Whether or not they are “successful,” however, depends upon their goal.  If they are advertising for people who already agree with them in a “Hey, come to this conference and learn how to fight religion with us!”  Then, I’d say it works.  If they are trying to “convert” ( de-convert) anyone, I’d say it’s rather fail.  The literalist-AinG types are going to put their fingers in their ears (eyes? Hopefully not while driving…) and go “Lalala!” Most people (those with the vague “I once heard this in Sunday School” attitude) are probably not going to *care* enough to really think about it and Fred and those of us like him are going to shake our heads and wonder why a freethought society (supposed to be “smart people,” right?) are stooping to play the game by AinG’s rules.  Sometimes answering a fool according to his folly only makes one look petty to the peripheral targets.
     
    It’s kind of like the title of a book I’ve seen bloggers promoting on HuffingtonPost.  I have not read the book, but I’ve read articles by the author and someone promoting the author.  There’s a book written by a neuroscientist titled “The Republican Brain: Why They Deny Science – and Reality.”  With a title like that, I don’t even *care* how sound the science might be – my old advertising training tells me that the only people likely to read it are Democrats/Liberals seeking to *confirm* their own perceived natural brain-superiority and a few angry Republicans who will pick it up only to pick it apart.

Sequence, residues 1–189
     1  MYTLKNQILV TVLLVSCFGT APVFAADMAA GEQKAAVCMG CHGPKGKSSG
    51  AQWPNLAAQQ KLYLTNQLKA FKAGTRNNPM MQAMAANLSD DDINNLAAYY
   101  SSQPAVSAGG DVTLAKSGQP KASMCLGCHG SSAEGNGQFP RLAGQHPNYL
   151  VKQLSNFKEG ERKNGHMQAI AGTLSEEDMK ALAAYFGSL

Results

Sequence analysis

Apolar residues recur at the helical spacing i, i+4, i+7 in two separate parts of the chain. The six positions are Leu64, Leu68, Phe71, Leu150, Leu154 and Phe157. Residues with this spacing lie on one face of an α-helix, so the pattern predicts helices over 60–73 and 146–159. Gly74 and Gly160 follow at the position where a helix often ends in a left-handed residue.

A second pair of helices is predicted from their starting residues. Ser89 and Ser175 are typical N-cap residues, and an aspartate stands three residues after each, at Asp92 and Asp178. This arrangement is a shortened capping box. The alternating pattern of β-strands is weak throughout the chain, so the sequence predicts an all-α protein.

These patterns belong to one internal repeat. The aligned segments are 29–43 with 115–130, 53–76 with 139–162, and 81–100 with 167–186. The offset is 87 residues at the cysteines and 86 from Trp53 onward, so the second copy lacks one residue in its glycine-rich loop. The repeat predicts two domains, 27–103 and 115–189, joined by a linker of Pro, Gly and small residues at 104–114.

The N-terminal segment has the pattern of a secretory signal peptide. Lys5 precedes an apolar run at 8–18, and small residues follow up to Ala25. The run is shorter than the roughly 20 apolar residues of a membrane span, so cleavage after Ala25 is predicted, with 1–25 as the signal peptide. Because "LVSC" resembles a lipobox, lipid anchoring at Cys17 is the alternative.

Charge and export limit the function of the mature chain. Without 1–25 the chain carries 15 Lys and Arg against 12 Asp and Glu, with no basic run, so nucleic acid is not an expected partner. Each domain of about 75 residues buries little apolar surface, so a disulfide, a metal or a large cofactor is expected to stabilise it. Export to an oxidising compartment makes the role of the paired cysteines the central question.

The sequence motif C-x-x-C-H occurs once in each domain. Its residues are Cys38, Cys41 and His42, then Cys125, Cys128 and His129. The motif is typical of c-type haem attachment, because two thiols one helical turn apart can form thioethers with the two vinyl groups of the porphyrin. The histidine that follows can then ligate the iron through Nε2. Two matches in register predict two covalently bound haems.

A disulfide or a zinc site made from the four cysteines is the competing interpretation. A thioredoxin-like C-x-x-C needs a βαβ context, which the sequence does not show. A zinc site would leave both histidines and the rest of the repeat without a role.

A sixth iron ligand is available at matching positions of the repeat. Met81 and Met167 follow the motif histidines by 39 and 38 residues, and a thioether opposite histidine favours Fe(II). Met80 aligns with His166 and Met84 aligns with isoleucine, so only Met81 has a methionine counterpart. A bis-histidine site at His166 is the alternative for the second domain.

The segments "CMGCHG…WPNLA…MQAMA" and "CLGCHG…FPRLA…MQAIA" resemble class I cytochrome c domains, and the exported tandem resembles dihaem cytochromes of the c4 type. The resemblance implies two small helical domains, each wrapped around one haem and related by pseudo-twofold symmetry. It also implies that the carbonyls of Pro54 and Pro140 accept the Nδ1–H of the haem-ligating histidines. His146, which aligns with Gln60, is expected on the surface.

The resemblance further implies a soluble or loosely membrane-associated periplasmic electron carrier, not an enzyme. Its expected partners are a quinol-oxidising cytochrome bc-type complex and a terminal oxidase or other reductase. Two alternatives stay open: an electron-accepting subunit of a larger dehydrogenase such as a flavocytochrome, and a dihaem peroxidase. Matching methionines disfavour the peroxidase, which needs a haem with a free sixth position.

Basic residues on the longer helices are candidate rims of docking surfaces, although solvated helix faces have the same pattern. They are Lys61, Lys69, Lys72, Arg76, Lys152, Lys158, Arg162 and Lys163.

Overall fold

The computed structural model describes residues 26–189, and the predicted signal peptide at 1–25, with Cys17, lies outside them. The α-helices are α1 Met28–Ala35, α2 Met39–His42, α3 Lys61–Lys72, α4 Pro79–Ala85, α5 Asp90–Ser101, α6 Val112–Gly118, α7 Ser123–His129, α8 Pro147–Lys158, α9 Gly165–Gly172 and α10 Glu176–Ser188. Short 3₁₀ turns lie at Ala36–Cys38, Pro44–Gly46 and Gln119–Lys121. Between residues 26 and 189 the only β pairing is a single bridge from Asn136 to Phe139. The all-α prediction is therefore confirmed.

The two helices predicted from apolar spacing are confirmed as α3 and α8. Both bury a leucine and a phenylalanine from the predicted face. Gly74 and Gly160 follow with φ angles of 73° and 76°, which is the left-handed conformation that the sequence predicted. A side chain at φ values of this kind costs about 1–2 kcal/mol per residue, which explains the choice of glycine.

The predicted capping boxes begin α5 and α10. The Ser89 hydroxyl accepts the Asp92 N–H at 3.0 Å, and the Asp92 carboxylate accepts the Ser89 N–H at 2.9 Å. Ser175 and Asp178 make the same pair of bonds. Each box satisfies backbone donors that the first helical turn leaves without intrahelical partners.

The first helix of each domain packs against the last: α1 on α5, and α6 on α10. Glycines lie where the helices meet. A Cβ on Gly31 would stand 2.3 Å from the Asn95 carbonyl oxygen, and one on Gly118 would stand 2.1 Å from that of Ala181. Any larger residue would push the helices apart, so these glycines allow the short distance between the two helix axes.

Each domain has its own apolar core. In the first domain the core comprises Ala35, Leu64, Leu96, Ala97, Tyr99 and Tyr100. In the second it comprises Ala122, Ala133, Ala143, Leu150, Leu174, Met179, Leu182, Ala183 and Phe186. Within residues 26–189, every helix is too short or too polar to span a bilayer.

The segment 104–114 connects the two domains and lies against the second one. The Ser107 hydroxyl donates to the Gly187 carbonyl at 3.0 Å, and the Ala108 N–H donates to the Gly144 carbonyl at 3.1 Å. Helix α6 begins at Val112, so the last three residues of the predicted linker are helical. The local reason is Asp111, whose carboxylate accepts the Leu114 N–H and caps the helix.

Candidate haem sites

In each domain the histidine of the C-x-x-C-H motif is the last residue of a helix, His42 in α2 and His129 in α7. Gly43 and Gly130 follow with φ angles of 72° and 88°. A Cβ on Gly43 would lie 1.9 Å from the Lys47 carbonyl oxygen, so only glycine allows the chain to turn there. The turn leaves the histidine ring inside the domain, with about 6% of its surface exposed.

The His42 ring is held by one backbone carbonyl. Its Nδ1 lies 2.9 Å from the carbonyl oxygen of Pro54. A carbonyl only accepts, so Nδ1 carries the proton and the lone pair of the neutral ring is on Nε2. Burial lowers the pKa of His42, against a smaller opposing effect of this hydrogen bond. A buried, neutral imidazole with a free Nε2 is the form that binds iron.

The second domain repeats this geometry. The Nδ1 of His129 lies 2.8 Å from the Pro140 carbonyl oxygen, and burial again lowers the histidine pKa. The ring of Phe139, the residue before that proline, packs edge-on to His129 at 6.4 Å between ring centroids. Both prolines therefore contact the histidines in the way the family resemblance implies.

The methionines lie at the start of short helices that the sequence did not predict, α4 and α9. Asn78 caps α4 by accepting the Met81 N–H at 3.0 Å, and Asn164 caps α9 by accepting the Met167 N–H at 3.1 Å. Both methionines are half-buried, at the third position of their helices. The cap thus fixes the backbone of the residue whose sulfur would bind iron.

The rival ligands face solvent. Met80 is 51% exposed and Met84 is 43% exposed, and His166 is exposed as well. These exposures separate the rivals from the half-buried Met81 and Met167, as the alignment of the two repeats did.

There are messages so-delivered where you’ve got to know that you aren’t reaching anyone who’s not already on your side.
     

  • Worthless Beast

    This always kind of annoys me because I find truth in fiction (*known* fictions) all the time.  It’s almost like saying I cannot draw a sense of courage and heroism from “Lord of the Rings” becuase there is no arechelogical evidence that Middle Earth ever existed.

    The Bible is trickier, though, as I do stake some spiritual truth in it beyond what I find in fantasy novels and it ties into history, philosophy and policy in ways that no other work, fact, fiction or in-between ever has.

    Still, I remain annoyed by the attitude that nothing is “of value” unless someone in a suit or a labcoat tells you it is.

    I don’t know much about Bill Maher other than his family was Catholic?  How strict were they about it?  In my experience (on the Internet, at least), people who are the most angry, literal-minded-playing-by-fundie-rules anti-thiests are people with strict religious upbringing. The above reminded me of an ex- Jehova’s Witness I met once. His literal thinking could be excused because that is what he was raised with, the only kind of Bible-thinking he knew.